disc pathology and non surgical decompression n.
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disc pathology and non-surgical decompression

disc pathology and non-surgical decompression

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disc pathology and non-surgical decompression

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  1. disc pathology and non-surgical decompression

  2. reubenhenderson, d.o. 1993 - michigan state university college of osteopathic medicine internship: flint osteopathic and st. lawrence hospitals 1994 & 1995 pm&r residency: university of michigan 2001 private practice 2004: pm&r

  3. low back pain world wide common complaint among adults lifetime prevalence in working population up to 80% 60% experience functional limitation or disability second most common reason for work disability despite advances in imaging and surgical techniques LBP prevalence and its cost are relatively unchanged

  4. back pain causes de-conditioning sprain/strain spondylolithesis spondylosis facet syndrome disc herniation disc bulge spinal stenosis biomechanical inflammatory infection cancer

  5. recent research on DDD 1. heredity may be largely responsible for degeneration/herniation of intervertebral disc. 2. genetic influences have been confirmed by the identification of several gene forms associated with disc degeneration. • 1. Kenneth M C Cheung, “How has genetics research altered understanding of degenerative disc disease: implications for intervertebral disc regeneration.” European Cells and Materials Vol. 16 Suppl. 4, 2008 (page 8) • 2. Yin’gang Zang, “Advances in susceptibility genetics of intervertebral degenerative disc disease.” Int J Biol Sci 2008 4:283-290

  6. intervertebraldisc

  7. vascular supply to the disc space from the cartilaginous endplate • 1. segmental radicular artery • 2. interosseous artery • 3. capillary tuft • 4. disc anulus

  8. neurological innervation of posterior spinal column 1. ascending branch of the sinuvertebral nerve 2. dorsal root ganglion 3. descending branch of the sinuvertebral nerve 4. disc anulus 5. posterior longitudinal ligament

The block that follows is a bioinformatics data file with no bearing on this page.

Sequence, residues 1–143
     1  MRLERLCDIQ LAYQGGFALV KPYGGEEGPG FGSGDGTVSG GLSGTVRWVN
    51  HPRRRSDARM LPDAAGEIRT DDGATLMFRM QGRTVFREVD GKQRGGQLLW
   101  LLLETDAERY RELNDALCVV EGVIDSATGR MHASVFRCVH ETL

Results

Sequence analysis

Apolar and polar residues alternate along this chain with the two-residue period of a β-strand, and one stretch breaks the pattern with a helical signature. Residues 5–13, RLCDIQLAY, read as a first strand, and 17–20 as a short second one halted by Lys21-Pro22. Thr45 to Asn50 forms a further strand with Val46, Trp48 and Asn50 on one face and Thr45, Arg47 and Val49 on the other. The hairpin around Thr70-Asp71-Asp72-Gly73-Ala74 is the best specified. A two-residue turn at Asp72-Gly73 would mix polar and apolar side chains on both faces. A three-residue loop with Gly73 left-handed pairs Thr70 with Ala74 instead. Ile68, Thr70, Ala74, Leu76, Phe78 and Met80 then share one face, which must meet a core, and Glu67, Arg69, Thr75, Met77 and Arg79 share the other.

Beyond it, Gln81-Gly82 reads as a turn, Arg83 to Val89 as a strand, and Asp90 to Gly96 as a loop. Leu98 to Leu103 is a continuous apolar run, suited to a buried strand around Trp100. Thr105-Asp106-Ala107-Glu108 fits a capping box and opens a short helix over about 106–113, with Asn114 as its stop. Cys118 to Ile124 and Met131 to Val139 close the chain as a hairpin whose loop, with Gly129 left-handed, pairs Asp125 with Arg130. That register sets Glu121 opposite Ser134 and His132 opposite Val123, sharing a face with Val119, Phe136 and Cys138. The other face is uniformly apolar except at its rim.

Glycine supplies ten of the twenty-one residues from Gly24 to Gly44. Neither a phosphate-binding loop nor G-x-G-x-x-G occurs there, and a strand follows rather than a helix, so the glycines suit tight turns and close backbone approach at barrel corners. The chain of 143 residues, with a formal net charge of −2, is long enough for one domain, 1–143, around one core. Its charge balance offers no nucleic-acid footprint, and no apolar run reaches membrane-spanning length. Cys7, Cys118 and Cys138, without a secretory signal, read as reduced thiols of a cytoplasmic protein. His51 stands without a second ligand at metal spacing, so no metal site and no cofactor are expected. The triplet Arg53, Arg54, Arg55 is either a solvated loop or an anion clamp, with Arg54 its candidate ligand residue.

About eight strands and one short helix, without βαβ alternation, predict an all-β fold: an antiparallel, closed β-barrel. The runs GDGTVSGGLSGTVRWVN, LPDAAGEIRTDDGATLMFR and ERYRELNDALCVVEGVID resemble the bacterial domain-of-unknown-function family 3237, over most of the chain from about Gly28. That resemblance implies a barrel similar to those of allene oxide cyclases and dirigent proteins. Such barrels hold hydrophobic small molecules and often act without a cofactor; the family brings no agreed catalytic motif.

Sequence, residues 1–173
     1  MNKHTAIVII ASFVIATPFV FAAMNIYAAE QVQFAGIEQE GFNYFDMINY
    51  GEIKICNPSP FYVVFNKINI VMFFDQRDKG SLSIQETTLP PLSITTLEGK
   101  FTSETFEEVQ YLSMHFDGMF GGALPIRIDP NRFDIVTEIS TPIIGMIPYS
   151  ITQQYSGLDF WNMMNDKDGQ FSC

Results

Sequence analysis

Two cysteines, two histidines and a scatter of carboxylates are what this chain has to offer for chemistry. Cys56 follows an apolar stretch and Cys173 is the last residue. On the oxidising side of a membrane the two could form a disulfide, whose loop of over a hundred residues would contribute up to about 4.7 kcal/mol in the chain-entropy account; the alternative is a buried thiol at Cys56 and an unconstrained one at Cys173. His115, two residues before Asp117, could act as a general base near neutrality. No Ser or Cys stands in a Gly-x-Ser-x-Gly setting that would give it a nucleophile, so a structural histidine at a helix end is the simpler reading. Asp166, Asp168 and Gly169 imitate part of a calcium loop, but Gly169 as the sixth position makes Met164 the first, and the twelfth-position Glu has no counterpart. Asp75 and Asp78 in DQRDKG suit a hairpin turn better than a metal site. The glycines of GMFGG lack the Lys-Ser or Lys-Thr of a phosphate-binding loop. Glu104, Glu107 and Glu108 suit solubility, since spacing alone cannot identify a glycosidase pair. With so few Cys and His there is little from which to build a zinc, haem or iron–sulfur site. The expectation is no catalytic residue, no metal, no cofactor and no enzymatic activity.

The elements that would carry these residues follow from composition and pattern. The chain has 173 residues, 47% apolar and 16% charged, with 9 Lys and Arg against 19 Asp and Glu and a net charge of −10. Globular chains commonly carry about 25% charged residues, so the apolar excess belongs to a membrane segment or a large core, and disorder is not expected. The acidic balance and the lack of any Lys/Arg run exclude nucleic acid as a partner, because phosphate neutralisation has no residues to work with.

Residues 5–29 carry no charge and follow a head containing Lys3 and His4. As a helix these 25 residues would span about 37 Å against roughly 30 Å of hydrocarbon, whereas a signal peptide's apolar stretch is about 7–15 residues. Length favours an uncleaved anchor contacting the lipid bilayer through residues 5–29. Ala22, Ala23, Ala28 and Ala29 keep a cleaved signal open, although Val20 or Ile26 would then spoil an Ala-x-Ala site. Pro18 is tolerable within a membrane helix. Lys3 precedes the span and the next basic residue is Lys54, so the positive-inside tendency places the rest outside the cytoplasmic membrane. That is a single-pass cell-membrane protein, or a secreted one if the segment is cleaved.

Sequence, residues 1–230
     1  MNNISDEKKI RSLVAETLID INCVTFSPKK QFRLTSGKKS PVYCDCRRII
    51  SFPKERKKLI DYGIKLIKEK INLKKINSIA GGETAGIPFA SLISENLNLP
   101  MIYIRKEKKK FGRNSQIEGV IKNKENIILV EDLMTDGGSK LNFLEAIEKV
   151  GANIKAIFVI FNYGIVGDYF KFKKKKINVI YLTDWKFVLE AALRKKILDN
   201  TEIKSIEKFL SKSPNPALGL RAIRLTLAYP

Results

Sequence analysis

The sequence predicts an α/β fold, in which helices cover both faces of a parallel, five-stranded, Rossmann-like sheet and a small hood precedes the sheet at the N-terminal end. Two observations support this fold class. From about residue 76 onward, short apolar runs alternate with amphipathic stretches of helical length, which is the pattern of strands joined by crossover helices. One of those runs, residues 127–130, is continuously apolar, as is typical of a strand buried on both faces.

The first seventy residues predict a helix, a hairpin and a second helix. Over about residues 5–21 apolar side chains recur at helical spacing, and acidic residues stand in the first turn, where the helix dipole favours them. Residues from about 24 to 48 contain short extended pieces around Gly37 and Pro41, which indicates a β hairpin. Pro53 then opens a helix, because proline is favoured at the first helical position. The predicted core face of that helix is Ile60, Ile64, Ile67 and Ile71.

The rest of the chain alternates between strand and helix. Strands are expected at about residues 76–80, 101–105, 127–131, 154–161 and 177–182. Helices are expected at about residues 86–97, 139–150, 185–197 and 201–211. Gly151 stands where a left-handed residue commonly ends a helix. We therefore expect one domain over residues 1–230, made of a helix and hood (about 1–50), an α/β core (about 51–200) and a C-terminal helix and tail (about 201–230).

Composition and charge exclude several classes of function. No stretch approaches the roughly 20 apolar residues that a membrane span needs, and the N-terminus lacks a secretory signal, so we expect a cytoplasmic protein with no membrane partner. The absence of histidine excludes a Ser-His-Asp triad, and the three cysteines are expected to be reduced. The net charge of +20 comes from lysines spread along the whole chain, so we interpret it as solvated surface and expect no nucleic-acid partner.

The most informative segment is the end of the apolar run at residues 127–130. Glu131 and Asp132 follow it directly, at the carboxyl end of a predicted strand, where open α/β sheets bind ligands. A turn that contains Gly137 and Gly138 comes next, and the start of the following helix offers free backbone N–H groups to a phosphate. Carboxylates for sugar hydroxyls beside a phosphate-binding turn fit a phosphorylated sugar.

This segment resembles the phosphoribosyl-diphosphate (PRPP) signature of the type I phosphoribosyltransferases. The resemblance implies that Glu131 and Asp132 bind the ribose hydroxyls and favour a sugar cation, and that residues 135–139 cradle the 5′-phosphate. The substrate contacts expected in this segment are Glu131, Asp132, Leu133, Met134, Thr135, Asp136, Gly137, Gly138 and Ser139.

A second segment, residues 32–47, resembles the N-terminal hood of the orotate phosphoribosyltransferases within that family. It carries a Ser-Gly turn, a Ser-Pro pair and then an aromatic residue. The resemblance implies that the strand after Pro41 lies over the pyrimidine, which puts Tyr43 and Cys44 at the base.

9. changes in hydrostatic pressure • lack of oxygen • lack of glucose • changes in pH levels • death of proteoglycans Urban JPG, McMullin JF, "Swelling pressure of the lumbar intervertebral discs: influence of age, spinal level, composition and degeneration." Spine 1988, 13:179-187 Handa T, et al. "Effects of hydrostatic pressure on Matrix Synthesis and MMP production in the human lumbar intervertebral disc." Spine 1997 ;22:1085 -1091 Classification of Age-Related Changes in Lumbar Intervertebral Discs 2002 Volvo Award in Basic Science" Spine 2002; Volume 27, Number 23, pp 2631-2644 disc degeneration

  10. proteoglycan structures

  11. ProteoglycaN structures

  12. annular tears Osti OL, Vernon-Roberts B, et al. “Annular Tears & Disc Degeneration” J Bone Joint Surg. [Br] 1992; 74-B:678-82 Gordon SJ, Yang KH, Mayer PJ, et al: Mechanism of disc rupture. A preliminary report. Spine 16:450-456, 1991 rim lesion concentric tear radial tear

  13. disc pathology vs pain Karppinen J. et al. “Severity of Symptoms and Signs in Relation to MRI Findings Among Sciatica Patients.” Spine 2001; 26(7):E149-E154 degree of disc injury (size of tear / herniation), nor the degree of nerve root compression correlate with subjective pain or functional disability

  14. internal disruption Crock HV, Internal disc disruption.   A challenge to disc prolapse fifty years on. Spine 1986 ;11:650-3

  15. current therapies for discogenic pain or disc pathology • medication and limited activity • spinal rehabilitation • interventional pain management • spinal surgery

  16. non-surgical decompression non-invasive procedure designed to target underlying disc pathology improve nutrient exchange create environment for healing

  17. non-surgical decompression

  18. goals of treatment actively distract and passively retract the spine in order to affect intervertebral disc space reduce intradiscal pressures increase fluid and nutrient exchange promote disc regeneration retract nucleic material of bulging or herniated disc

  19. guarding reflex traction causes natural guarding reflex muscles contract or spasm to prevent distraction in order to protect the spine traction devices are rarely able to bypass or overpower reflex contractions and achieve distraction of the disc space

  20. biofeedback response designed to monitor patient response and adjust tensions in order to bypass reflex muscle contractions

  21. negative intradiscal pressure

  22. decompressive patient MRI September 16, 2006 January 08, 2007

  23. disc regeneration • significant increase in disc thickness • signs of tissue regeneration • decrease in apoptotic (dead) cells in the annulus and cartilage endplates • increase in protein-expressing cells controlled distraction in vivo study of rabbit-spine model showed: